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The creative team behind the critically acclaimed FAG/STAG return for the further comedic adventures of Jimmy and Corgan in BALI. Opening at The Subiaco Arts Centre on Wednesday, October 18, Jeffery Jay Fowler and Chris Isaacs take these two endearing messes into a world of unbelievable exchange rates, cheap cocktails and holidaying Australians. DAVID O’CONNELL spoke to The Last Great Hunts’ Fowler and Isaacs about what it’s like to bring these characters back to the stage for a second time.

Tell us what BALI is about?

JJF: BALI is about two guys in their early 30s who have been good friends for a long time, since they were 15. One of them comes from a privileged background, and his mother’s having her 60th in Bali, and she invites them across. Corgan (Isaacs’ character), who’s the wealthy character, goes to Bali all the time, and Jimmy (Fowler’s) has never been and really doesn’t want to go. Once they’re there, they behave like regular Australians in Bali.

That sounds like for good and ill then?

JJF: [tentatively] Yes.

What prompted you to revisit these two characters?

CI: It’s a thing we were talking about after the first season of FAG/STAG. What it would be like revisiting these characters in a different context. They’re sketched in a particular way, because of the form of the play. There’s still room to explore. A lot about these characters was left in the air from FAG/STAG.

JJF: There was some mention of Corgan’s privilege in FAG/STAG, but putting those characters into the setting of Bali aggravates those themes of privilege. Even a normal Australian person in Bali suddenly can live like a king in a resort and have people at their service.

So what’s changed with Corgan and Jimmy?

CI: FAG/STAG was about arrested development. This play they’re kind of on track with their lives. Corgan has a job, but it’s with his mom’s company. So he’s really getting a handout in another way.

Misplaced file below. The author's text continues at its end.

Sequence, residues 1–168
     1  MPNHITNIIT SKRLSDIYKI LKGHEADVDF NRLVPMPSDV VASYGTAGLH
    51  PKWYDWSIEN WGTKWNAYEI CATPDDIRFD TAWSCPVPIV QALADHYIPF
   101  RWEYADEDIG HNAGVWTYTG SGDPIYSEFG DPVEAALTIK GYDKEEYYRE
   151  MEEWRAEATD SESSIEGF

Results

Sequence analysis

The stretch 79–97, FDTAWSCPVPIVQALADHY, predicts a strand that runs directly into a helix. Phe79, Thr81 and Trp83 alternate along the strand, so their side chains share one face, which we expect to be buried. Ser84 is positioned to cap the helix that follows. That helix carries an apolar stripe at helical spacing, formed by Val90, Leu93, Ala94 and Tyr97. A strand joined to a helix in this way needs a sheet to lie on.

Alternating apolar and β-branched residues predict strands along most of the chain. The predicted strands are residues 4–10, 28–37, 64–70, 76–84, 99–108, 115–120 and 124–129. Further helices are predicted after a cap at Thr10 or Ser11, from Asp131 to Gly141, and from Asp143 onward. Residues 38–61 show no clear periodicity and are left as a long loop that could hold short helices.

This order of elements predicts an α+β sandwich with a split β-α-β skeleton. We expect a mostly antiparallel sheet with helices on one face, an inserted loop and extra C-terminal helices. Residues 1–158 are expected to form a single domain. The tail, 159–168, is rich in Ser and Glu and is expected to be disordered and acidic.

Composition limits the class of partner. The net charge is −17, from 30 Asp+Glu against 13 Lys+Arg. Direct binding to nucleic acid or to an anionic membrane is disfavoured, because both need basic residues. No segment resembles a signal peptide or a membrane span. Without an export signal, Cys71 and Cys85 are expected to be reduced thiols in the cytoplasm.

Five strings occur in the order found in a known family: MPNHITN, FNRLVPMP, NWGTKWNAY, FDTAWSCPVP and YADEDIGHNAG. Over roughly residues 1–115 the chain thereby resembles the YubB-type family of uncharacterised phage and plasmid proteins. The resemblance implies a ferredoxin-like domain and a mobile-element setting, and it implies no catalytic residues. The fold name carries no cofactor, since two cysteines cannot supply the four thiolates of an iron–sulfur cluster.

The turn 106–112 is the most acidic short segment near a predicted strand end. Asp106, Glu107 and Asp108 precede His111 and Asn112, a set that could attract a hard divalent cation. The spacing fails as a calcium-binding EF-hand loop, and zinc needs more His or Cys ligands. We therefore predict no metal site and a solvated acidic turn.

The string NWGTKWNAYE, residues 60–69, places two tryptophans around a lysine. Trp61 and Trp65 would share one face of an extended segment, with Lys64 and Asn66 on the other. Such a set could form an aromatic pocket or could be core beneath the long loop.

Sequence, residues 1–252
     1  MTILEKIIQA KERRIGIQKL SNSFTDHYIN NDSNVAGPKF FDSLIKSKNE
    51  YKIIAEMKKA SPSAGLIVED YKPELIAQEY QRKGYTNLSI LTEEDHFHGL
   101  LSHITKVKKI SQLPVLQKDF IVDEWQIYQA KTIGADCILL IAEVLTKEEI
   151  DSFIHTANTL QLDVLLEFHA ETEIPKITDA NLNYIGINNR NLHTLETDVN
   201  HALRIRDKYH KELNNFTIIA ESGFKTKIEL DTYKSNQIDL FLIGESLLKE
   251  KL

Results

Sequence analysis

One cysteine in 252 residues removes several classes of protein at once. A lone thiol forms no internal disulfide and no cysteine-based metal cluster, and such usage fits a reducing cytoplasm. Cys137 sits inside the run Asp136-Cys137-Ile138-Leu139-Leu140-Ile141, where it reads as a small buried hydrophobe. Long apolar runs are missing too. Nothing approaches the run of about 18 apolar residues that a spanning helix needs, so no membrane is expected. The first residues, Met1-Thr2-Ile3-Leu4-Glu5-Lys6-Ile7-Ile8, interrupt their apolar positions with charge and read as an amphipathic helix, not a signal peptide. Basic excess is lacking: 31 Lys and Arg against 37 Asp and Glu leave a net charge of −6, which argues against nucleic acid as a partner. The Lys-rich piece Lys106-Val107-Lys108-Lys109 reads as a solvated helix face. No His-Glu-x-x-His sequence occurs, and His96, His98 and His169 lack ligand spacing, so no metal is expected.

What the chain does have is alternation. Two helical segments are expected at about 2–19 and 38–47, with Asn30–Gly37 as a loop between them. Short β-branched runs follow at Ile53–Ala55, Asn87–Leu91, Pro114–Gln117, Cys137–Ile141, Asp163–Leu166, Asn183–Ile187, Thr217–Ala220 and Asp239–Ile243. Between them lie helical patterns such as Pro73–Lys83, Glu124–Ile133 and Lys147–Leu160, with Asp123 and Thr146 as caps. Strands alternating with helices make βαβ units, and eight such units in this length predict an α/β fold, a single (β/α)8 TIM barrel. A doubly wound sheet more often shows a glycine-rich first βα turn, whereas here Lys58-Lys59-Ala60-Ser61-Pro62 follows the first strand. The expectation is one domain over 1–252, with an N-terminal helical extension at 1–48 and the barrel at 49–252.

JJF: My character has become a team leader, but it’s based on a particular company that friends have worked with that is almost a pyramid scheme. Corgan also has a long term girlfriend, and the friends don’t hangout anymore. Part of the premise is about trying to reunite that friendship. Which is pretty recognisable, and l think everyone experiences it. We do prioritize love over friendship.

Was it difficult to step back into those characters’ shoes?

JJF: We haven’t stepped out of those shoes, we do the show so often…

CI: We’ve just got back from Edinburgh where we did FAG/STAG for 25 days in a row. Which means they’re fresh, we know them quite well.

JJF: FAG/STAG is also a living text, we update it. We still freeze them in time, they’re 29, but we change lines and moments to adapt to the world. For example we’ve changed the conversation on marriage because of the plebiscite.

So writing for the characters again wasn’t a problem?

CI: We spoke about them up to a year beforehand, so we know the characters quite well, and what they would say.

JJF: I think we also take large chunks of ourselves, and put them in and mutate them. There are some parts that absolutely don’t fit me, but there’s enough myself that feels natural onstage.

Did the idea of doing a sequel give you pause?

JJF: I was reading about the Blade Runner sequel and the article posited the idea that people only make sequels because there is money to be made. As we’re in theatre and don’t make any money, we’re certainly not doing this for money, and it is not from a cynical aspect. I thought these were good characters to explain what we were wanting to say. We’re still tempering this project. There’s a really easy project saying that Australians in Bali are disgusting, and I think that’s low hanging fruit. We can make a lot of jokes about the awful way Australians act. When we went to Bali we tried to look at the way people from various social economic classes act… and people really do live up to there stereotypes. And then there are really complex issues about the environment and tourism. Bali’s economy is based on tourism but they are doing massive environmental damage, but if I stop going to Bali, for environmental reasons, I destroy the economic backbone of an island with no natural resources.

CI: One of the successes of FAG/STAG was it would have been very easy to look at homophobia, or to look at the dichotomy of straight and gay, but we dealt with those issues in a very complex way, because they are complex. Although these characters are very matter of fact when they speak, the ideas that they are speaking about have a large breadth. And it’s that sort of thing we want to do with BALI. Don’t try to display how complex these topics are, just write what your character would say, and that shows the complexity of it.

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